Hunting pirates: how piracy's golden age came to an end
As vicious criminals plundered the seas, sailors were required to become pirate hunters in a bid to bring offenders to justice – and, ultimately, the gallows
During late 17th and early 18th centuries, the Royal Navy waged war against pirates, doing everything within its control to try and bring criminals to justice. In fact, the English (and, from 1707, British) authorities even went so far as to offer pardons to some of the worst offenders, so keen were they for the heinous practice to end.
But for the wider public, pirates often came to be viewed as folk heroes; as mythical and dashing rogues, rather than murderous thieves. This created a strange dissonance, where killers could attain near-celebrity status, and ordinary people clamoured for the news of the latest pirate escapades.
The ‘war’ had begun in earnest in 1698, when the government of King William III passed the Piracy Act, allowing pirates to be captured by English ships and tried in Vice-Admiralty courts out at sea, rather than having to be brought back home to account for their crimes. The courts – which had been set up to deal with maritime matters in England’s colonies – had no jury, and justice was swift.
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However, catching the pirates in the first place was often a problem. As the result of peace treaties stemming from conflicts such as the War of the Spanish Succession (1701–14), the Royal Navy had been significantly reduced in size, and didn’t have the resources needed to deal with the issue effectively. They therefore sought the assistance of professional pirate hunters, who would spend their time scouring the seas looking for the swashbuckling thieves.
One of the pirates’ worst enemies was the famed naval captain and explorer Woodes Rogers, who was appointed royal governor of the Bahamas in 1718. Unlike some of his predecessors, who had turned a blind eye to piracy, Rogers was determined to stamp out the activity altogether. Heading up a new, lawful administration in the area, he saw that the worst culprits were publicly hanged, and helped rid Nassau, Providence Island, of its so-called ‘pirate republic’.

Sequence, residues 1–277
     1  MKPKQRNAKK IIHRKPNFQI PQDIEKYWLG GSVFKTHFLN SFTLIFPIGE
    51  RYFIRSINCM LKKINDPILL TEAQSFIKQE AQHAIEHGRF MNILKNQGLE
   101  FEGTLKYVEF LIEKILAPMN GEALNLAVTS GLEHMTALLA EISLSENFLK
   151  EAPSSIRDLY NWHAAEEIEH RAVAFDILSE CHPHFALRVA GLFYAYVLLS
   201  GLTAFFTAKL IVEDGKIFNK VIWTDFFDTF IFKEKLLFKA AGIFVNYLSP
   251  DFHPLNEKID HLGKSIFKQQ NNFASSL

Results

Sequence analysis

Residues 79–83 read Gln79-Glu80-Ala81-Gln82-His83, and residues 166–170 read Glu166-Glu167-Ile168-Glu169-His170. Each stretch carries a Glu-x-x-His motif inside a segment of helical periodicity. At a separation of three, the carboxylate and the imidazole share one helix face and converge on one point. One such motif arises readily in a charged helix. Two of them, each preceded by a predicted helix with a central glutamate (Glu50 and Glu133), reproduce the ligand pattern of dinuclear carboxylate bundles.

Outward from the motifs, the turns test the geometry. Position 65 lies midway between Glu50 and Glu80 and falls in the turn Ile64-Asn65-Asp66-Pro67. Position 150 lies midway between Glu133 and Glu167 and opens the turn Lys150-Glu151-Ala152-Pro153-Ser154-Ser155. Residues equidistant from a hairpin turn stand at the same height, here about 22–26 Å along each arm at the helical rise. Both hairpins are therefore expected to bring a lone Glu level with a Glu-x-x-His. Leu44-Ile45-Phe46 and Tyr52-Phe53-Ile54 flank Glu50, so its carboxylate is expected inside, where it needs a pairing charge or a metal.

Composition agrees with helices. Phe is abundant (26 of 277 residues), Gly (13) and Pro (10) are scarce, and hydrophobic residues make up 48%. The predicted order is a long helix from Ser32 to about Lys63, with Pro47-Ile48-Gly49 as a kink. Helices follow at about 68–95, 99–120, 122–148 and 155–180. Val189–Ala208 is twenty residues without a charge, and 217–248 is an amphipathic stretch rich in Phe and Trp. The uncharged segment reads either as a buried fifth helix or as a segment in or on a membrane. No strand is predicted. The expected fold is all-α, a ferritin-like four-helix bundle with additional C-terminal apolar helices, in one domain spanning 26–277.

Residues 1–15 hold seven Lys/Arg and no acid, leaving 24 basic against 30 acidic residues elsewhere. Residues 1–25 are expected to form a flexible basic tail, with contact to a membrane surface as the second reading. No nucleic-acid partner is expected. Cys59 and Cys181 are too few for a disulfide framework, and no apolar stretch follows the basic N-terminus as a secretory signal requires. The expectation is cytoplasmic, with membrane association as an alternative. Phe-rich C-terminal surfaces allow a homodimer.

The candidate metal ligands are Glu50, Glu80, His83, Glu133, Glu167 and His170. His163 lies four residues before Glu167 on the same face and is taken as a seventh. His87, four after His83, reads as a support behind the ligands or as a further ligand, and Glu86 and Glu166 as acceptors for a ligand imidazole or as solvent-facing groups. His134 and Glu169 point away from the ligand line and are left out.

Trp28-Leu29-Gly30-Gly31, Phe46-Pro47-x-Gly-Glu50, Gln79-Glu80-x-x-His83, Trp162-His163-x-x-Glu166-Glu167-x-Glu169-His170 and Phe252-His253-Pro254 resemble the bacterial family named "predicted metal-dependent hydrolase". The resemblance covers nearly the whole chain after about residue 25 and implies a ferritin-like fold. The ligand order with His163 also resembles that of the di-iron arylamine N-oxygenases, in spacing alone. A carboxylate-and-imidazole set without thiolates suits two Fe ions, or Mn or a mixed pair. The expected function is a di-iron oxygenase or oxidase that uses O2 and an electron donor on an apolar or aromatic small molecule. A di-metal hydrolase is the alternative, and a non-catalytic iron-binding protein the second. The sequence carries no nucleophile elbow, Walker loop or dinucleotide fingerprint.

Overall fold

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Thanks to a new piece of legislation signed by King George I, Rogers also made the offer of royal pardons if pirates agreed to surrender. While this didn’t always work (some pirates accepted the pardons and simply returned to their old ways), one such offender that took up the offer was Benjamin Hornigold. Despite a formidable pirate CV, the ex-criminal hung up his sword and joined Rogers’ crusade, successfully hunting down many of his old partners in crime.
The trials of pirates were eagerly anticipated, and their most notorious acts were reported in newspapers. Through sensational prose, those in the dock were often portrayed as heroic outlaws, not unlike the highwaymen of the day. But without access to a defence counsel, the accused had no choice but to defend themselves – no mean feat, given that many pirates had a limited education and would have been unable to argue their cases effectively. Instead, they usually had three options: claim to have been drunk at the time of the alleged offence; claim that they had been forced into piracy; or simply to not speak at all.
For condemned pirates who were tried in London, rather than overseas, their final destination was typically Execution Dock, near the shoreline at Wapping. The prisoner would be transported from either Marshalsea or Newgate prison in a procession, led by an officer carrying a silver oar symbolising the Admiralty’s authority. Once the Thames was at low tide, gallows would be constructed on the mudflats, where crowds of spectators would jostle for the best view. But unlike most criminals, pirates would be hanged with a short rope, meaning they had to face the agony of slowly being strangled to death rather than having their neck snapped in an instant.
Once the pirate was dead, their body would be left in the gallows until at least three tides had passed over it, before being transferred to an iron gibbet, where it would be displayed as a warning to fellow criminals. Sometimes the corpse would also be coated in a layer of tar so that it didn’t decompose too quickly – a truly gruesome spectacle.
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However, the London executions paled in comparison to some of the show trials and mass executions of the era. These occasions, with a festival-like atmosphere, were a source of entertainment for the crowds, and demonstrated both the strength of the Royal Navy and the king’s authority.
One of the most notable mass executions took place in 1718, when 22 people who had served on board the ship of wealthy ‘Gentleman Pirate’ Stede Bonnet were hanged in Charlestown (now Charleston) in the Province of South Carolina. A similar incident took place five years later, when English pirate Charles Harris was hanged alongside 25 of his crew in Newport, Rhode Island.
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But arguably the most famous mass execution in pirate history was that of the crew of the late Bartholomew Roberts in 1722. Although 17 were spared the gallows and were sentenced to prison, 52 men were hanged at Cape Coast Castle in what is now Ghana. With this final show of justice, the golden age of piracy was now at an end.
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This content first appeared in the December 2021 issue of BBC History Revealed